“Dad’s outside passed out in the front yard again” Debbie chided nonchalantly. “Oh my God!” Fiona sighed, “Doesn’t he know that he can just crawl through the doggie door if the door is locked? Fucking alcoholic…”.
The Television Series Shameless is a special one. Traditionally, most Television shows that feature white families follow the American dream mentality. The family works together and through a series of events, always seem to be progressing towards bigger and better things. High school graduations, College degrees, job opportunities, steady relationships…These are some of the common accomplishments we seen within American Television where a white family is featured. From American film, the white family is known to be a close knit, middle class family with the nice house and the white picket fence. Their struggles that they encounter in each episode seem to be “3rd world problems” or problems that are somewhat ephemeral. The Television Series known as Shameless tears down this common conception. A newer, more devilish and perhaps more realistic picture of the white, urban family is painted.
Shameless is about a broken family in a poor, urban area in the Southside of Chicago. The shows is a drama as well as a comedy. While the show is littered with graphic violence and sexual promiscuity, these scenes often exist to paint a picture of the grittiness of life in the streets of Chicago. While the Television Series started airing back in 2011, it has since become extremely popular due to the featuring of its first 6 seasons on Netflix. Since the series has become available on Netflix it has quickly become one of the more popularly streamed television shows, and for good reason. This show is different. More than anything we see an unfamiliar family dynamic that is usually not portrayed in the media. The Gallagher is unlike almost any family that has been portrayed in American Television, and that in itself is an accomplishment. But more than being different, Shameless brings to light many of the unspoken situations that many Americans experience, especially in poorer, urban areas. To the modern middle class socialite, Shameless is an escape from the hum drum 9-5 struggle, showing the lives of those whom they probably only make contact with on the bus via nervous eye contact.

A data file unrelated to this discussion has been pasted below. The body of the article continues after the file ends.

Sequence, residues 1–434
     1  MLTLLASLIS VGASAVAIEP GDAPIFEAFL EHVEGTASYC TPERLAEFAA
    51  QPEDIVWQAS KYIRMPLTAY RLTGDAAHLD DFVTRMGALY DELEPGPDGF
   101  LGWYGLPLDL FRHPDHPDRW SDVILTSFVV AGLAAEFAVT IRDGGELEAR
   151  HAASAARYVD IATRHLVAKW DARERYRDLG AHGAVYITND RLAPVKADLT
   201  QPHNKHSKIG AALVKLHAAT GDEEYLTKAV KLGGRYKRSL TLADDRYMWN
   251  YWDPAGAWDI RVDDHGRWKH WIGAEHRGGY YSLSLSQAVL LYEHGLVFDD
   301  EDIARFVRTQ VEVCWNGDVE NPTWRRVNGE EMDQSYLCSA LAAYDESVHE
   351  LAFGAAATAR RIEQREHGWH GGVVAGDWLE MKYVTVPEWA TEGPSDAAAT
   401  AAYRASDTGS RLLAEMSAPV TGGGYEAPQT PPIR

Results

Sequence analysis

The Gallagher’s residence stands close to a railroad. The house is a dilapidated shack of sorts in the Southside of Chicago. Surrounded by a torn and tattered chain link fence which encloses a front yard littered with old toys and beer bottles, the scene is for lack of better terms, ghetto. The family is poor. The father is an alcoholic and the mother is a drug addict who is constantly gone from the house. One of the kids sells drugs to make money to pay rent. Let me remind you that this is a white family. In the past, media has been a bit stereotypical in the way that they display families according to their ethnic background.
White families are often portrayed as being wealthier, and black families are often portrayed as being poor. Shameless goes against this narrative. Throughout the series, the audience is brought into every corner of the Gallagher household. Within the Gallagher house, each family member has different struggles that they face throughout the show. Many of these struggles go back to the fact that the Gallaghers are strapped for cash. Ian Gallagher becomes a stripper at a gay night club, Carl deals dope at the age of 14, Frank tries to collect government checks by staging injuries, and Fiona really just tries to find any honest way to make a dollar or two while acting as the matriarch of the bustling Gallagher household.
In media studies, there has always been the discourse between whether the media affects the culture, or the culture affects the media. In the scope of income across different demographics, this is an interesting topic. As has been said before, black families in the media have more often been shown as financially unstable in comparison to white families. Is this because there is a higher percentage of financially strapped black families within the black community? Is this a true statistic? Or is this simply a narrative that is encouraged through the media. If it is, Shameless definitely goes against the flow of stereotypical portrayals of white families, as well as black families.